Computers began to find their way into the workplace. A typical computer back then would have only a basic word processor, as well as the first-ever spreadsheet.
Laser printer by IBM
Floppy Disc holding 1.44MB of data
Local network (ethernet)
This decade saw the focus of the office layout move away from healthy working conditions, towards more productivity and profitability in the 1980s. Cubicles were cheap and effective, seen to increase the focus of employees. It took the advent of technology in the workplace to force companies to look at office design in a more holistic, human-centered manner.
Corporate culture started to become a priority in the workplace in the 80s. As more workers flooded into offices in power-suits, employees began to talk about the concept of work-life balance. Wellness programs became an integral part of office life and it became essential that businesses had a culture that every employee knew about it.
In the 1980s, the computer started to gain popularity in the workplace, which marked the beginning of a new technological era changing the workplace forever. Generation X began to enter the workplace, bringing with them a fresh outlook that saw the undoing of strict hierarchical ways of working.
The World Wide Web
Office design in the 1990s was more utilitarian and functional, in contrast to the 80s. While computers were transforming the way people worked, office design remained dull. With most offices colored beige, brown, or grey. Cubicles also had to become smaller as the number of employees rose, along with the cost of office space.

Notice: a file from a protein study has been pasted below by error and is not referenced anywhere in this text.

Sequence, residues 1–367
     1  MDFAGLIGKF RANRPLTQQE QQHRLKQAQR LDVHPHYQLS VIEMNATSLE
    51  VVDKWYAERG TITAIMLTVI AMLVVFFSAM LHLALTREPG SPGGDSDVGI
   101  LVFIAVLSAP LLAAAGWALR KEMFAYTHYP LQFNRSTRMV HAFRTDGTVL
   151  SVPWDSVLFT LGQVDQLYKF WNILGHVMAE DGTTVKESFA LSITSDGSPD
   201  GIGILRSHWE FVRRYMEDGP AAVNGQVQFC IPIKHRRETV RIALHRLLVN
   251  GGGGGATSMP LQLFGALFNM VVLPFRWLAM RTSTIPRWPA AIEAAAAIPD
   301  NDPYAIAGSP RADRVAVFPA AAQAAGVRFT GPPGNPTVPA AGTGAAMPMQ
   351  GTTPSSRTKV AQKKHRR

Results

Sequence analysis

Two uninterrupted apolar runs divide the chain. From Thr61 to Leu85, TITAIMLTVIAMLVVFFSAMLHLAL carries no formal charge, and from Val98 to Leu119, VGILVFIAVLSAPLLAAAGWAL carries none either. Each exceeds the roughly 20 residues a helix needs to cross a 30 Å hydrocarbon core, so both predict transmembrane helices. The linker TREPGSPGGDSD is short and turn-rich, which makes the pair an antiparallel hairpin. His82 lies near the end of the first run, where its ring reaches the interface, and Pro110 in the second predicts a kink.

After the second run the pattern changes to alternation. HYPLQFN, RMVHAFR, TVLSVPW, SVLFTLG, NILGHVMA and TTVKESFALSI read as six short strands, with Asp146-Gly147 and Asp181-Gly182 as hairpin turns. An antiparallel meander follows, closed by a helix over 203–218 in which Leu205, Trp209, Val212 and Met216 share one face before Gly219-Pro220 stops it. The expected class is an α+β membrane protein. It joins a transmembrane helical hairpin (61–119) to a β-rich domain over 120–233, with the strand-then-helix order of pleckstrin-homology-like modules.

In the early 1990s, improvements in connectivity and the creation of the internet meant a computer went from being a luxury item to an essential item for almost every employee.
The official description of the World-Wide Web
In the 1990s, office attire started to become more casual. Many companies introduced Casual Fridays, with men not having to wear a suit and tie, and women had more freedom to choose from a variety of styles.
The turn of the millennium saw millennials enter the workforce. The 2000s were a time of evolution and revolution in the way people worked. Technology and high-speed connectivity became hyper prevalent in society. The smartphone was brought to mass market in the latter part of the 2000s, redefining the way people interacted with each other.
In the 2000s the term ‘coworking’ was coined. Coworking spaces became more popular, giving rise to employees working in alternative spaces to the office. People started to work in new ways, in coffee shops or remotely from home.
Work attire drastically changed in the 2000s. Tech startups introduced casual clothes in the office, pushing the idea that how people perform and feel is far more important than what they wear.